The DNR does “not have the statutory authority to implement and enforce their program to sample for compounds that they have no standards for under state law,” the complaint expounds in the second paragraph of a 15-page document.

Moreover, the WMC maintains that because the DNR only samples the effluent water for PFAS and not the influent water (coming into the facility), its sampling program does not accurately reflect the amount of PFAS (if any) that would be attributed solely to the facility’s operations.

Additionally, the DNR makes a facility’s sample results publicly available, which fuels another WMC concern: The potential stigmatization of those companies.

“…As (the DNR) seek to publish the results of their sampling program, they are risking significant reputational harm to the businesses that are being unlawfully forced to participate in this (sampling) program, even those businesses that are in compliance with state law and their own permits.”

In accordance, the judge overseeing the complaint granted a temporary restraining order during a hearing on Thursday. It restricts the DNR from publicly releasing any sampling data which it collects.

In its efforts to efforts ensure Wisconsin businesses remain successful and competitive, WMC’s March 29 complaint represents only one of several discords the organization continues to express with state policies and actions regarding PFAS.

In a January press release challenging Gov. Tony Evers’ order to the Wisconsin Department of Justice to pursue “taxpayer-funded lawsuits against employers who process or use (PFAS) …”, WMC President & CEO Kurt Bauer called the move “unfortunate.”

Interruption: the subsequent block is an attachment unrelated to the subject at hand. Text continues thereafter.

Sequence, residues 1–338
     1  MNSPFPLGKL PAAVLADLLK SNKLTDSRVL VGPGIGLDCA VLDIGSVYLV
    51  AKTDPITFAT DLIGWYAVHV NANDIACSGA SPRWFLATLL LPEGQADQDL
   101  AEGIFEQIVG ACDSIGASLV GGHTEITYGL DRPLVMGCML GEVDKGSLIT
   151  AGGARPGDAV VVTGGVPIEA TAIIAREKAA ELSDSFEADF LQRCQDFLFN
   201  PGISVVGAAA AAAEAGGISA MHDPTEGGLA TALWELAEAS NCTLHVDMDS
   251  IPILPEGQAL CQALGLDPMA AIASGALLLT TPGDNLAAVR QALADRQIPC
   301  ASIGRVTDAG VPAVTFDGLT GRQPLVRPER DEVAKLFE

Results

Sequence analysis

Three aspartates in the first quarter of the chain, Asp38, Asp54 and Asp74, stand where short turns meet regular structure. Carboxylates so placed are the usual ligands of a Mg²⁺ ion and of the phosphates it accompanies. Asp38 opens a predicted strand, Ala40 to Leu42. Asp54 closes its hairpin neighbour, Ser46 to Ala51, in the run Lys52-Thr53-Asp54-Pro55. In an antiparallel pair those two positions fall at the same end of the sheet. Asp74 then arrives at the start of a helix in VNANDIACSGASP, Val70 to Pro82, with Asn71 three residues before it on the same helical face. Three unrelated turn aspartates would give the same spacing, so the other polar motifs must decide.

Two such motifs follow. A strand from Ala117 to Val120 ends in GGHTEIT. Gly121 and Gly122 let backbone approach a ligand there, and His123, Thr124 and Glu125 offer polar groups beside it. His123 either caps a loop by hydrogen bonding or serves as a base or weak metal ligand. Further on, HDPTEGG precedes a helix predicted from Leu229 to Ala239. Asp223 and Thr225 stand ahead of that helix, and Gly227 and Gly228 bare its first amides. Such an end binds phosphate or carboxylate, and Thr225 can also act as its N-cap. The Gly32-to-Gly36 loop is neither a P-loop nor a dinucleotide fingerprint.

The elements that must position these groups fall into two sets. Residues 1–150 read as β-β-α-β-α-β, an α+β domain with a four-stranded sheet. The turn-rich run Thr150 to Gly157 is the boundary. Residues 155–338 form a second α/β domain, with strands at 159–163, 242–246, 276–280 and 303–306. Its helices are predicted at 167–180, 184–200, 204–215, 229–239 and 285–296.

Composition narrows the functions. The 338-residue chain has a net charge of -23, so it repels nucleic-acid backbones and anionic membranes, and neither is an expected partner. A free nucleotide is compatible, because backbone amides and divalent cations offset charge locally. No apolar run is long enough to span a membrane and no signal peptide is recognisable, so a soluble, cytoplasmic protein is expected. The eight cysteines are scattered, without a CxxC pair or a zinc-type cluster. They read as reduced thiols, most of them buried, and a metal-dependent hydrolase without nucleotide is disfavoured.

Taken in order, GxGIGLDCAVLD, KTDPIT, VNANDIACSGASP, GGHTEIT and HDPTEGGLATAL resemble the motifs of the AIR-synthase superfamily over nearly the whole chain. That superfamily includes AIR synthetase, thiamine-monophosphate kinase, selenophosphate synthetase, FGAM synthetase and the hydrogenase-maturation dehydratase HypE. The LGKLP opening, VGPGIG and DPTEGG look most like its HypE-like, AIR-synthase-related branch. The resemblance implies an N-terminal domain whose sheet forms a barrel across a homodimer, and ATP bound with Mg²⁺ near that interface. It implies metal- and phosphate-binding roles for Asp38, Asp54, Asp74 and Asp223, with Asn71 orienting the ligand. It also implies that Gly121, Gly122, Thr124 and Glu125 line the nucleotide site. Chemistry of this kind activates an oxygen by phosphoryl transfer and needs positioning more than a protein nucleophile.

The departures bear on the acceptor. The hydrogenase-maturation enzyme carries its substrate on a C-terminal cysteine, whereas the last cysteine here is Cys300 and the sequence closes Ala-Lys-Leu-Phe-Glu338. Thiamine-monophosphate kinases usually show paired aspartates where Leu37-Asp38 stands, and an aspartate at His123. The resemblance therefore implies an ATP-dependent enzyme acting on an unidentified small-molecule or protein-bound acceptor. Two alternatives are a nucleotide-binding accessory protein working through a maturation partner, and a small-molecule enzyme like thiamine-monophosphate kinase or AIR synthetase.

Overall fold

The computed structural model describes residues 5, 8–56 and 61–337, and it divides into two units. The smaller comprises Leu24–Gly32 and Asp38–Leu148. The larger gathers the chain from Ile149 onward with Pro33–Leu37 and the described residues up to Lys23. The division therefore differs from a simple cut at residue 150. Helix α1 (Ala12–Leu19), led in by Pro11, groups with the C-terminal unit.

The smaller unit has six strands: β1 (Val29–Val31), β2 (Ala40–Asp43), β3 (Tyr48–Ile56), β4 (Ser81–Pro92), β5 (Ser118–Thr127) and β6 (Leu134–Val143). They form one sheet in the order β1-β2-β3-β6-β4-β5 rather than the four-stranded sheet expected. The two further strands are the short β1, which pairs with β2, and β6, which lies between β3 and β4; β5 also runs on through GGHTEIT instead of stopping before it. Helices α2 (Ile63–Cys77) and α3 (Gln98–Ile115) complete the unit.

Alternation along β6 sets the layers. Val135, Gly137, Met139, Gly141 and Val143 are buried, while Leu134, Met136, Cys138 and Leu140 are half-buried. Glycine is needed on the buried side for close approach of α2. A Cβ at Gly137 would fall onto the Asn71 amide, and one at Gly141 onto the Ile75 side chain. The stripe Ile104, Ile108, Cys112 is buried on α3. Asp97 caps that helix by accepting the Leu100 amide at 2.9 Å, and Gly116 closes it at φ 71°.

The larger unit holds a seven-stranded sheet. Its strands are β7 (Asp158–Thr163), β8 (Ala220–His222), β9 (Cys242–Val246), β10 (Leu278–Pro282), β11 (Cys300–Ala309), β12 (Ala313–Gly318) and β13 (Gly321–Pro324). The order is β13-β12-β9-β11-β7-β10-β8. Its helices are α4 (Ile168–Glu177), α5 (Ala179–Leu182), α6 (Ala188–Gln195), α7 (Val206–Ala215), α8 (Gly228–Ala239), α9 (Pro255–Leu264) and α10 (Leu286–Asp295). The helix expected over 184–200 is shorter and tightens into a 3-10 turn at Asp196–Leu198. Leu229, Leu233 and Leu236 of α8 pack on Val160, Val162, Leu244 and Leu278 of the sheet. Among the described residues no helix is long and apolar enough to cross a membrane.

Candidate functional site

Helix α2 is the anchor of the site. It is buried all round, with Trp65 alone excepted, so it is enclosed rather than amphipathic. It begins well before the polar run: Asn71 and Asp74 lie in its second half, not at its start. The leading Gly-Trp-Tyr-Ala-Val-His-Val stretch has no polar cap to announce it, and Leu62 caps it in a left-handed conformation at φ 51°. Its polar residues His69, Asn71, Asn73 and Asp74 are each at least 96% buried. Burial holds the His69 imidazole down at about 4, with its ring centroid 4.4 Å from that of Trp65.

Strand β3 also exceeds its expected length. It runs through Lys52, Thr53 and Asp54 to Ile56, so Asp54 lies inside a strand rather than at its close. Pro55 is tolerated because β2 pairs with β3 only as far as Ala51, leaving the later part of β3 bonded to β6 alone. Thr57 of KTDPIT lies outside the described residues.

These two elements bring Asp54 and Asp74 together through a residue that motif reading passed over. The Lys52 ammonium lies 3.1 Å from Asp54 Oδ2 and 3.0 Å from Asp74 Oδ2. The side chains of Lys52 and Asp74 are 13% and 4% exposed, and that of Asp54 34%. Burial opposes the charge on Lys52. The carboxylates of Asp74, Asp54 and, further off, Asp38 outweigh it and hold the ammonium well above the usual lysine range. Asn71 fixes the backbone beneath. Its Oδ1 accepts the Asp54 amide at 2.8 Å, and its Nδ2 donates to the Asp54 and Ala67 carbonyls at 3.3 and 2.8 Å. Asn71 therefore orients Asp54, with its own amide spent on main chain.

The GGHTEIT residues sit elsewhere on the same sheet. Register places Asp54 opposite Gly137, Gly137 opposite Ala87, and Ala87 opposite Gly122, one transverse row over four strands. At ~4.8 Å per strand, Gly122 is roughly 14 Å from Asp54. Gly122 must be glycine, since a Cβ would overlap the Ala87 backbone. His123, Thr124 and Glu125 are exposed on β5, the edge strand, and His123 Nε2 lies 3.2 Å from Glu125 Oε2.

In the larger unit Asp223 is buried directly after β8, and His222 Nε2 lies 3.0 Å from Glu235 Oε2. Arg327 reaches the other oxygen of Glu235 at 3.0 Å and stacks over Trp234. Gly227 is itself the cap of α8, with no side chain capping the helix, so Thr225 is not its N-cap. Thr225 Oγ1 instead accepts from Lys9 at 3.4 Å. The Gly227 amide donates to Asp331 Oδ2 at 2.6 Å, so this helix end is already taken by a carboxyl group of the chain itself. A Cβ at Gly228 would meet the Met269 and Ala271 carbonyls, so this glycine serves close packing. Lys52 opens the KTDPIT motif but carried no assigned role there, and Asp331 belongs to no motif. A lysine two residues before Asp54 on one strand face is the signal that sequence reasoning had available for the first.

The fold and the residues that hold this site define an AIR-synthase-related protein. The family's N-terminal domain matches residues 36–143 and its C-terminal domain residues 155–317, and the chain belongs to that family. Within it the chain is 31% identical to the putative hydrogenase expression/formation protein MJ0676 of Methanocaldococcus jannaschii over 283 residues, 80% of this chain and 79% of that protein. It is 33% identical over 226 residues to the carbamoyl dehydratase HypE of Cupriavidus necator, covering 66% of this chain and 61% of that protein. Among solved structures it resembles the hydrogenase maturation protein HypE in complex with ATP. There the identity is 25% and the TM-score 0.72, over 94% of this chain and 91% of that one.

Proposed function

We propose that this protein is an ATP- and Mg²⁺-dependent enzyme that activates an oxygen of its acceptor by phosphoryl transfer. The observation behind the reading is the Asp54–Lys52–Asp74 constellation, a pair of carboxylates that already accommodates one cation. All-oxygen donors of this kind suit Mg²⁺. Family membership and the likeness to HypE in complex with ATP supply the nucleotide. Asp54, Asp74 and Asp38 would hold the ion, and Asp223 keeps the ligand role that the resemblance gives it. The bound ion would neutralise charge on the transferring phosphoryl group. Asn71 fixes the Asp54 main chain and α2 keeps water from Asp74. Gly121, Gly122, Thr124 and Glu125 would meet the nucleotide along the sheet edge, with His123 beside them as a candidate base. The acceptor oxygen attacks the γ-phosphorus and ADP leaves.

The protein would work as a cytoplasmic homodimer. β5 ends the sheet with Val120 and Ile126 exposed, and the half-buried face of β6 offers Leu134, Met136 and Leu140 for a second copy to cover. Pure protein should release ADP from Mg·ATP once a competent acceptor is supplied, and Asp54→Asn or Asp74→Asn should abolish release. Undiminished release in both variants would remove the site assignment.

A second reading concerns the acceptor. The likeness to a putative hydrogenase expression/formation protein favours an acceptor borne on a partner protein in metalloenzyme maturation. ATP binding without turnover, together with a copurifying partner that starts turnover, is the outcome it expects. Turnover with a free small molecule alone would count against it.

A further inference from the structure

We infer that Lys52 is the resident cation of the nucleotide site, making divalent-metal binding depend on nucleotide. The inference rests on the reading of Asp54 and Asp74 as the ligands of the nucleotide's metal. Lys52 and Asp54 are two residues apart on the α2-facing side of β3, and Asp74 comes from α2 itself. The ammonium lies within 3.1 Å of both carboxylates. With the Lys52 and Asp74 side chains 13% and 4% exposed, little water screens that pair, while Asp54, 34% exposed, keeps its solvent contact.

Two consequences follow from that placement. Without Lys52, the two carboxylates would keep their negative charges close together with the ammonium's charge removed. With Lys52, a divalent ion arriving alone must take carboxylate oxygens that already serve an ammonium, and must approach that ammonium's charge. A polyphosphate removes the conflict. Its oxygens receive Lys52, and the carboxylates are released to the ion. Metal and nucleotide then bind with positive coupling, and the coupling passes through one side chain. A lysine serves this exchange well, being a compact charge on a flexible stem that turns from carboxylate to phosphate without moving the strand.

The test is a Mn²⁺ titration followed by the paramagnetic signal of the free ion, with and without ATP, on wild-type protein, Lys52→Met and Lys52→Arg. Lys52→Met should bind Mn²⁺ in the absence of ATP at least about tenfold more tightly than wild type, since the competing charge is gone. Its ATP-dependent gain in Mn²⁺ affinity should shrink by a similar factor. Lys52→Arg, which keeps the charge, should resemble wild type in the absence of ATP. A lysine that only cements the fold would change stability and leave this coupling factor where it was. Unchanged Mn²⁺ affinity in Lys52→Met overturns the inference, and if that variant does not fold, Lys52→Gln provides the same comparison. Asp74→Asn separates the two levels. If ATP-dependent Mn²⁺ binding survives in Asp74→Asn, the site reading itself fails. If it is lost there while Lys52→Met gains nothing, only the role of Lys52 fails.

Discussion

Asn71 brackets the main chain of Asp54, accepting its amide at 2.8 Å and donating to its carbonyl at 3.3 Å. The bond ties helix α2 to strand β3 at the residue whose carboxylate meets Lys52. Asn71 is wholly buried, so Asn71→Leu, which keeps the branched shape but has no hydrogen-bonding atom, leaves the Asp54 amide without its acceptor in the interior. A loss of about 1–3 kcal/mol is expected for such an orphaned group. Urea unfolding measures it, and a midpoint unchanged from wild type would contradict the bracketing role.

“They want to sue businesses for the past use of compounds for which no standards have been set under either state or federal law,” Bauer said in the press release.


Still, for Michiels, the solution remains the setting of official rules regulating PFAS. To that point, she cited various past PFAS bill proposals that either failed to pass or that became laws without much clout for enforcement. And she lays some of the blame at the feet of legislators in Madison.

“Wisconsin has one of the most inactive legislatures in the nation, right now,” she said. “And I think getting any sort of comprehensive bill on PFAS has definitely suffered from COVID-19 and our inactive legislature.”

Amidst the pandemic, the pause button remained perpetually pressed on PFAS, but Michiels expressed optimism for some specific items related to PFAS currently in the Governor’s proposed budget and in the continued DNR sampling programs and PFAS rulemaking process.

“It all comes back to resources and having adequate funding,” she said, adding that the upcoming budget plays a key role in acquiring those resources. “Groups like the WMC are fighting that process … We (Clean Wisconsin) would like to see some bipartisan support around those initiatives.”